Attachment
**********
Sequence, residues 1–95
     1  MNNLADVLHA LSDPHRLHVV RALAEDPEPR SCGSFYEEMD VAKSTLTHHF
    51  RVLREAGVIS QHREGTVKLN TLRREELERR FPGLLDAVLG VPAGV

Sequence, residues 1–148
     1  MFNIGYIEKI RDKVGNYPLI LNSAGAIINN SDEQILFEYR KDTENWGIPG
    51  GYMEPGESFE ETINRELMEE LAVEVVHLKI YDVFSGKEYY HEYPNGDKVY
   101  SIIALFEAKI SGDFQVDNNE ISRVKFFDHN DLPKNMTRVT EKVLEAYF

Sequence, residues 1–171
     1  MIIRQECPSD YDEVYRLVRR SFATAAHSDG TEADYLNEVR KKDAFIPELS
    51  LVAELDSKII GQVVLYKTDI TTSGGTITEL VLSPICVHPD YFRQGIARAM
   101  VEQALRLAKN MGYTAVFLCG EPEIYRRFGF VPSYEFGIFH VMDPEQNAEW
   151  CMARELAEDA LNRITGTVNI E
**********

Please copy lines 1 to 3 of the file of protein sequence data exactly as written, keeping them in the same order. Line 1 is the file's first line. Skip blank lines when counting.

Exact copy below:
Sequence, residues 1–95
     1  MNNLADVLHA LSDPHRLHVV RALAEDPEPR SCGSFYEEMD VAKSTLTHHF
    51  RVLREAGVIS QHREGTVKLN TLRREELERR FPGLLDAVLG VPAGV